Set plays offer some of the best scoring opportunities in soccer. They can also result in costly turnovers if not done correctly.
Here, we’ll discuss corner kicks, common techniques, and the best corner kick strategies used by amateurs and professionals alike.
Get tactical about your corner kicks and your team will score more goals!
Table of Contents
- What Is a Corner Kick?
- Corner Kick Rules
- Types of Corner Kicks
- Corner Kick Strategies
- Kicking Technique
What Is a Corner Kick?
A corner kick is a set play awarded to the offensive team when the ball is last touched by the defending team and crosses the goal line.
A player takes a corner kick from the corner of the field closest to where the ball crossed the goal line. A half circle and a flag post mark the corner.
Corner Kick Rules
Rules regarding the execution of corner kicks are in the Laws of the Game & Football Association Rules. According to the IFAB Laws of the Game 2022-23, teams must abide by the following procedures when taking corner kicks:
- Place the ball in the corner area closest to where the ball went over the goal line.
- A player on the attacking team must kick the ball, and the ball must be stationary.
- The ball enters play once it is kicked and moves.
- A player cannot move the corner flagpost.
- Opponents must stand at least 10 yards from the corner arc.
- An indirect free kick is awarded to the defending team if the player taking the corner kick touches the ball again before a different player.
- If the kicker commits a handball, the defending team receives a direct free kick.
Types of Corner Kicks
There are five types of corner kicks, including the in-swinging corner, out-swinging corner, straight corner, clipped corner, and short corner. Different types of corner kicks serve varying purposes.
An in-swinging corner is when the kicker plays the ball in the air and the ball curves toward the goal.
An out-swinging corner is when the kicker plays the ball in the air and the ball curves away from the goal.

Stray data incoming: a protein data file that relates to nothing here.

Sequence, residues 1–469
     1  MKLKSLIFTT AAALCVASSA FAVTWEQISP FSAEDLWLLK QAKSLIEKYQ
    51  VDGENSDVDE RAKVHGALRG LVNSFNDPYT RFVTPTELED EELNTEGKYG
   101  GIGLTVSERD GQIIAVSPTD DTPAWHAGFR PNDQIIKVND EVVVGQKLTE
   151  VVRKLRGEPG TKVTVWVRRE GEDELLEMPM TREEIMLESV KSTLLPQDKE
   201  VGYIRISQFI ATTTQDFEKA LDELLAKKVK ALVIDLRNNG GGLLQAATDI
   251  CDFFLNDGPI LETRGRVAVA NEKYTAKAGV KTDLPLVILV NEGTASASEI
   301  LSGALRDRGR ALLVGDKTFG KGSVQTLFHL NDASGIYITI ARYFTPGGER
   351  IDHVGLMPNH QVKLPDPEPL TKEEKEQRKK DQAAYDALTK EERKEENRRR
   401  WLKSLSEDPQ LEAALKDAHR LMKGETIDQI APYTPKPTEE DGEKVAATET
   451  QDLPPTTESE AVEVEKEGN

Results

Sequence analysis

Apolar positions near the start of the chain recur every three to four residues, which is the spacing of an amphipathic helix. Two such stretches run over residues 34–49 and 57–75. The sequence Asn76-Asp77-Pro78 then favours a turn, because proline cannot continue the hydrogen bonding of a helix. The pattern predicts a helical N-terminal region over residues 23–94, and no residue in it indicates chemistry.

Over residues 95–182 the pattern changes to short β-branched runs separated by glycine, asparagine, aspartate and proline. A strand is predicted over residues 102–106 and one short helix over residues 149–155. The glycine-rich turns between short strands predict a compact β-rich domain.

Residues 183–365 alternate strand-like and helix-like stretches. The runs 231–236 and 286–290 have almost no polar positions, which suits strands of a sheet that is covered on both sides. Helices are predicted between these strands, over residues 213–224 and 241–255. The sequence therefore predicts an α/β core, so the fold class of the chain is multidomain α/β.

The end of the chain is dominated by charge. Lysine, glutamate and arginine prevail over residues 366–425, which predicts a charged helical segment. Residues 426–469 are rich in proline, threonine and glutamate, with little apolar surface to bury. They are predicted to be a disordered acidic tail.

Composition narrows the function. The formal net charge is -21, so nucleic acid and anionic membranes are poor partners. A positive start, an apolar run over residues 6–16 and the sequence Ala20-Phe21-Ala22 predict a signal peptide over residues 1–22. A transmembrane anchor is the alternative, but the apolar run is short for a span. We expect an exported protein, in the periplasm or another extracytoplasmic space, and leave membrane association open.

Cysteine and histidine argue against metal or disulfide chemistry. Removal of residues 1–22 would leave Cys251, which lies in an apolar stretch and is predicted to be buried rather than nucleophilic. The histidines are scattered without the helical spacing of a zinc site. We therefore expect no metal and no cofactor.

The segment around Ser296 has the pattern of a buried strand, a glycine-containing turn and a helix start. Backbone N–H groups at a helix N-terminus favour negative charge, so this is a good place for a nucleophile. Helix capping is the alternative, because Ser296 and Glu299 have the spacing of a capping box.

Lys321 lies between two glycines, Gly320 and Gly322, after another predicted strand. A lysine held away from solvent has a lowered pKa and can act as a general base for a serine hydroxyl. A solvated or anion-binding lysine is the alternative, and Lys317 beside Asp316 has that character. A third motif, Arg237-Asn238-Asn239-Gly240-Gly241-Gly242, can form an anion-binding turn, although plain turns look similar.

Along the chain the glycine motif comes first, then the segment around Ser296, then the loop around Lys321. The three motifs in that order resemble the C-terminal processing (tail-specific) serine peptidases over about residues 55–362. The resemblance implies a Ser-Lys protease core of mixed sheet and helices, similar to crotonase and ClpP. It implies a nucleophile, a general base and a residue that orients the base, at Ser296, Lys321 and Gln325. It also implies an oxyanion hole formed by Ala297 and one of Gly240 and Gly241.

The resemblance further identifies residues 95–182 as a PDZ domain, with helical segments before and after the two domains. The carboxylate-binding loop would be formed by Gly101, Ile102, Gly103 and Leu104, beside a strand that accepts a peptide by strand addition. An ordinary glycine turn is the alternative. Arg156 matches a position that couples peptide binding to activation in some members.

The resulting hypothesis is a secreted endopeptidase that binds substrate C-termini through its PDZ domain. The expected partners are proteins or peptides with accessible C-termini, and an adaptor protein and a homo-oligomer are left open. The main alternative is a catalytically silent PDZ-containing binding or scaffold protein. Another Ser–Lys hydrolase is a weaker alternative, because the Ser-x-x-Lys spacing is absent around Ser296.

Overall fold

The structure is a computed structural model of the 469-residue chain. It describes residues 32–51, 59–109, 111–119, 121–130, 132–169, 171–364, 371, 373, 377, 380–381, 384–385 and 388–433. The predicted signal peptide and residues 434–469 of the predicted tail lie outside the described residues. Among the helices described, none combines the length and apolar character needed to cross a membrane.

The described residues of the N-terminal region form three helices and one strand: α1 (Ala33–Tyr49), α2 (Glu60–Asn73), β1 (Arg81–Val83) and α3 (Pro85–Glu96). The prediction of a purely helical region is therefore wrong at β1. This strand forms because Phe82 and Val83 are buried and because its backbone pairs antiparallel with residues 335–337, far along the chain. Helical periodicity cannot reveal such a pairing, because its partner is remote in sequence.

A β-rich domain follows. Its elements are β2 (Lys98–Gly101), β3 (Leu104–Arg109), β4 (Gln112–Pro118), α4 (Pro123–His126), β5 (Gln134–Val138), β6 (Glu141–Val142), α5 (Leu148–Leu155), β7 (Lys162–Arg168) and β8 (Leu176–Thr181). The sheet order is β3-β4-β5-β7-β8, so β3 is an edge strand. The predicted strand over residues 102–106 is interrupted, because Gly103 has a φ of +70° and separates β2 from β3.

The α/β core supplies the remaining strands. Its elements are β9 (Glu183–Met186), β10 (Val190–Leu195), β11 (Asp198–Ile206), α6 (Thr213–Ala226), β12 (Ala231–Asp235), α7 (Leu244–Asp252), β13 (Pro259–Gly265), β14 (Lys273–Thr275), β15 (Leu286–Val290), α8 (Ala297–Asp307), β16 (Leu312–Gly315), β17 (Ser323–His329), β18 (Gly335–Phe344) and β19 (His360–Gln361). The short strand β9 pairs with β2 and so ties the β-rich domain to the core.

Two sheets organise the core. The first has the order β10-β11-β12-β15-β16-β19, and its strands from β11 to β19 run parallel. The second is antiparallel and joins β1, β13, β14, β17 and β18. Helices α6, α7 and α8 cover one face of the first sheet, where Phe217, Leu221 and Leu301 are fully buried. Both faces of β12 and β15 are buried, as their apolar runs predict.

A straight corner is when the kicker plays the ball in the air, and it flies directly toward the goal area without curving. Typically, the kicker touches the ball with their laces to prevent curling it.
A clipped corner kick is when the kicker plays the ball higher into the air and at a lower speed. It is more of a “lob” to the players attacking the goal area.
A short corner is when the kicker passes the ball to a player closer to the corner (usually about 5 to 10 yards away). This ensures the attackers retain possession of the ball, so they can create an attack on goal. A team may also use a short corner to run down the clock.
Corner Kick Strategies
A corner kick is an excellent chance to score a goal. Teams with several corner kick strategies have a significant advantage over the opposition. The following are several corner kick strategies to turn these set plays into goals.
Crash the Box
The “crash the box” corner kick strategy is simple and highly effective. The goal of this strategy is to cross the ball into an area where three players will attack it.
Here’s how to crash the box:
- Two players start in the middle of the box. One runs to the front post and the other runs to the back post. This creates space in the middle.
- The kicker plays the ball into the middle of the box.
- The three players starting at the edge of the box attack the middle space to win the ball.
Pile the Goalkeeper
Adding pressure on the keeper can distract them, make them flustered, and create an opportunity to score. Most corner kick strategies involve creating space in the goal area, but this one places players close to the keeper and teammates.
This strategy involves crowding the box with four to five players surrounding the keeper and only about two yards from fellow teammates. The kicker delivers the ball into that area, and the attackers try to score or rebound the ball.